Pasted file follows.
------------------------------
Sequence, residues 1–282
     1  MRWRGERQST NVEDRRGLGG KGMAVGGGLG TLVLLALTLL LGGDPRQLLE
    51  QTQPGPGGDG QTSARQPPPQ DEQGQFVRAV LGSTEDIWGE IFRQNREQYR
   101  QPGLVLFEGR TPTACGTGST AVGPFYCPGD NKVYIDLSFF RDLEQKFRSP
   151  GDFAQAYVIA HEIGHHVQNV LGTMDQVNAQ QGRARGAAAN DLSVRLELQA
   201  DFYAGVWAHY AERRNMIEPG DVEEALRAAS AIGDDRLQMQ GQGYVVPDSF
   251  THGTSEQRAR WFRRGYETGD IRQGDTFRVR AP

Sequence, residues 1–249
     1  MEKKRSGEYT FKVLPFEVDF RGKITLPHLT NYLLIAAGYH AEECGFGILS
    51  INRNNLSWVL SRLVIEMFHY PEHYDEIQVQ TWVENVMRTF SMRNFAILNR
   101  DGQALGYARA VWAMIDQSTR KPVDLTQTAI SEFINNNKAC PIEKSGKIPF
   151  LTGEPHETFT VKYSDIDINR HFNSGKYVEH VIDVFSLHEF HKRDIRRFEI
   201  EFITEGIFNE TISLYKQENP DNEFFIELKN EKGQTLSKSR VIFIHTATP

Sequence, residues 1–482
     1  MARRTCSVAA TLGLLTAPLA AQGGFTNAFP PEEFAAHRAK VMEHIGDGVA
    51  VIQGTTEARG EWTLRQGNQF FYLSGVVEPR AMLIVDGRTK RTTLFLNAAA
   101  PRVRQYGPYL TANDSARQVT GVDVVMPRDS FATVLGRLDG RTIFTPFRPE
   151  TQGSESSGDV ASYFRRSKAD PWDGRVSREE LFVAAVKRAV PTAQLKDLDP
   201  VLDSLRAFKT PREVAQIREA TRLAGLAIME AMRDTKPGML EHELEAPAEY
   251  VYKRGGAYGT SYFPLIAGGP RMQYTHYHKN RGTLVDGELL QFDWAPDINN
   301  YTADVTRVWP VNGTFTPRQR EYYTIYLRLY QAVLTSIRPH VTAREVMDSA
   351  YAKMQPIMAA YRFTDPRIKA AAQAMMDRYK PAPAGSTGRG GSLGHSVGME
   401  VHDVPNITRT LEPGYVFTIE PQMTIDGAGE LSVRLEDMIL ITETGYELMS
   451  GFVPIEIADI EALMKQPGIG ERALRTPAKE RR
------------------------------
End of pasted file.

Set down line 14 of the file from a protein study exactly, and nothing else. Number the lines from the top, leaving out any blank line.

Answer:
Sequence, residues 1–482